But we need to be clear. A necessity is something without which your life would be greatly impoverished; an entitlement (and we could just as easily substitute the word indulgence here) is something without which your life would be slightly less pleasurable. Water is a necessity; coffee is not. (I’ve been off caffeine since Christmas and let me tell you, I have much more energy than I used to.) Clothing is a necessity; a new outfit for a “special occasion” is not. Shelter is a necessity; a house full of the latest stuff is not.

Character-webOur entitlements (or indulgences) are not necessarily bad things. Coffee isn’t evil. It’s not wrong, per se, to buy a new outfit. Owning an iPhone isn’t a sin. But what many of us have to learn (myself included) is where to draw the line between what is necessary and what is not. If that line gets blurred, we act like spoiled brats when things don’t go our way or when we don’t get everything we want. A blurry line between necessity and entitlement is a sure sign of a soul sickness that will poison (or perhaps already has poisoned) your heart toward God.

It’s impossible to be grateful (or gracious) when your soul has been poisoned by entitlement. When you believe in your heart that it is your birthright to get everything you desire, or when you feel that God, the universe, or others owe you something, then you will perceive everything you receive as due wages for your mere existence rather than as the stunning act of a gracious God seeking to bless you with his goodness. Entitlement is the enemy of gratitude.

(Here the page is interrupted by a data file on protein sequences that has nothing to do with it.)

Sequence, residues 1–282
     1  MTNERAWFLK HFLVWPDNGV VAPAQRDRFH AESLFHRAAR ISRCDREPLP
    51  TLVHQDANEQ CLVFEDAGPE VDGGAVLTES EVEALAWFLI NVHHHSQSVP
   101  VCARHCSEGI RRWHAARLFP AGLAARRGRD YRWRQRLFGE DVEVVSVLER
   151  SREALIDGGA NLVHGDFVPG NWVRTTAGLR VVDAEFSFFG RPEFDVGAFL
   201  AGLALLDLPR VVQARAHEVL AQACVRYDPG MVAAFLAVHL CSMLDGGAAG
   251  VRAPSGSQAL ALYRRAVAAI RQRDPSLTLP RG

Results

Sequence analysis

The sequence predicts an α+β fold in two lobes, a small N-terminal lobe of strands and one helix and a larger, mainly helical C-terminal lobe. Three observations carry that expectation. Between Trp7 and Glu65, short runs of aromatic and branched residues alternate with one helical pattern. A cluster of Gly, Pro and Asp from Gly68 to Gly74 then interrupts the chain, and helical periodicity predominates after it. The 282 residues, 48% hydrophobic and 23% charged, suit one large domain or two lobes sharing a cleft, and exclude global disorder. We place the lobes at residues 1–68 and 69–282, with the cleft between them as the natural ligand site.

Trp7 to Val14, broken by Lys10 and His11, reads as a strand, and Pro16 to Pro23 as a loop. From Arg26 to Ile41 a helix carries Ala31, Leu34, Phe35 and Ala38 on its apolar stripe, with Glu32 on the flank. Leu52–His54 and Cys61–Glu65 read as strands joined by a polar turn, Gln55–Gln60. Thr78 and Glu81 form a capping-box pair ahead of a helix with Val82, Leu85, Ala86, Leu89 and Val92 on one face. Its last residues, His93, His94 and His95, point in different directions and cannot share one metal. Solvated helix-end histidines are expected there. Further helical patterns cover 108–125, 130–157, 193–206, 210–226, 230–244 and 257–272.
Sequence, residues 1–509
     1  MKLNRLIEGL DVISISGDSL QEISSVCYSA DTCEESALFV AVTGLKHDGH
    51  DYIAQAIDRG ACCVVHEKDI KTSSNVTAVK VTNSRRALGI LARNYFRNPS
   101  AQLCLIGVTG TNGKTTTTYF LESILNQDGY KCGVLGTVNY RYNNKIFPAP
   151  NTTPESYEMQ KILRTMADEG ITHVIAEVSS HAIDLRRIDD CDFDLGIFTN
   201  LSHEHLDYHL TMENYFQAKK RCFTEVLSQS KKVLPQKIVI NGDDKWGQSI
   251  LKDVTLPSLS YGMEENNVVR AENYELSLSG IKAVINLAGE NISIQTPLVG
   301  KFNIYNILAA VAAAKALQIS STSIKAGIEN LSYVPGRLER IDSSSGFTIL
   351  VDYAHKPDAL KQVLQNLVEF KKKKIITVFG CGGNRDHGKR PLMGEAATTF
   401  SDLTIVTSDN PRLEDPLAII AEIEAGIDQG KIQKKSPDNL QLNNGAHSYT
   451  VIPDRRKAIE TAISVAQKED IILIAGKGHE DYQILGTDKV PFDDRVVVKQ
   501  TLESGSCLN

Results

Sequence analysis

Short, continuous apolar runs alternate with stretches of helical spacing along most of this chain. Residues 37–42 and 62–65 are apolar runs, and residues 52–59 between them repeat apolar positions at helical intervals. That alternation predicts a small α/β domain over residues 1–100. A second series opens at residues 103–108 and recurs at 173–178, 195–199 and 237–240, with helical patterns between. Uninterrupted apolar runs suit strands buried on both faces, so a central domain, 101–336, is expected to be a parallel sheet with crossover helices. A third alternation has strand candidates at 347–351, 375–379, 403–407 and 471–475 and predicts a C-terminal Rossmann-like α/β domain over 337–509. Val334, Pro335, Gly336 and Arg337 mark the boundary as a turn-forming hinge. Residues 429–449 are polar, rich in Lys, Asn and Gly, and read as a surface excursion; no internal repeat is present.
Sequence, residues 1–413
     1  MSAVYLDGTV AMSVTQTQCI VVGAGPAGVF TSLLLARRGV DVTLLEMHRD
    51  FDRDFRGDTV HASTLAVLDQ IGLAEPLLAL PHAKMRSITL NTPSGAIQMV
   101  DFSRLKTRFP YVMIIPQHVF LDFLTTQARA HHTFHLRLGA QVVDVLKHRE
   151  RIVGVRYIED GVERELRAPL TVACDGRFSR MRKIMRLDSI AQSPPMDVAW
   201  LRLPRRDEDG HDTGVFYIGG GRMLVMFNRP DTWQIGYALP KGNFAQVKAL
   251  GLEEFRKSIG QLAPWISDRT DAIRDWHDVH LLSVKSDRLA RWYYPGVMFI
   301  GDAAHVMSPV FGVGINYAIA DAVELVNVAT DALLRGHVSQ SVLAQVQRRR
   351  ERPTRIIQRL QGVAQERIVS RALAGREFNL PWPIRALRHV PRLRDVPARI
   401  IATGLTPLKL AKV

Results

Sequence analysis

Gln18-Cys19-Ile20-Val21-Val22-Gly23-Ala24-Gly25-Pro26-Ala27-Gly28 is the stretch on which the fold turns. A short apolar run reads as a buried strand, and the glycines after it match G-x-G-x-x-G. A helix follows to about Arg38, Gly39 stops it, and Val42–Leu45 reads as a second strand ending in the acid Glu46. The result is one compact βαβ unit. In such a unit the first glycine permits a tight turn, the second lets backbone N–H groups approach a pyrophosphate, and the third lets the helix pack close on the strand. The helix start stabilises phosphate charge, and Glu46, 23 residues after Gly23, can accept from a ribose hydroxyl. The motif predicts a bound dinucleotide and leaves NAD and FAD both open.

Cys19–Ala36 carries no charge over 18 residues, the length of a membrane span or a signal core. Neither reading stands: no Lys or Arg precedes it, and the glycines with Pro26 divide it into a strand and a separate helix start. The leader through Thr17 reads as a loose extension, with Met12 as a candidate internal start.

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Entitlement is a silent killer. It creeps in through your mind, nestles down in your heart, and slowly eats you alive from the inside. Entitlement is a virus of the soul. It puts you at odds with God. It stridently shouts at heaven, “What you have given me is insufficient. I must have more!” Entitlement prays blasphemously, “Give me today my daily bread all that You owe me.”

Entitlement takes many forms, but it is always destructive. Shopping entitlement will impoverish you. Food entitlement will wreck your health. Emotional entitlement will ruin your relationships. Spiritual entitlement will shipwreck your faith.


We don’t recognize our entitlements for the soul-assassins that they are because we have bought into their lie.
My first year of seminary was a difficult time for me, emotionally. I had just left a thriving young adult ministry and a wide circle of friends in Ohio to enroll at a well-respected evangelical seminary in Boston. Moving from the Midwest to New England gave me a serious dose of culture shock. Everything is so much different on the East Coast. As the darkness of winter dominated my days, I sank deeper and deeper into depression. (I hesitate to use that word because I don’t know if I was clinically depressed, but I don’t know what else to call it.) By way of medicating myself, I began to collect DVDs – as in, I would go to the store and buy five or ten DVDs at a time. Shopping became a form of emotional medication, and my DVD collection quickly turned into a source of pride and a sense of entitlement. “I deserve to buy these DVDs,” I told myself. But I was wasting money and feeding a monster by giving into my entitlement. The more you feed your entitlement, the harder it becomes to kill it.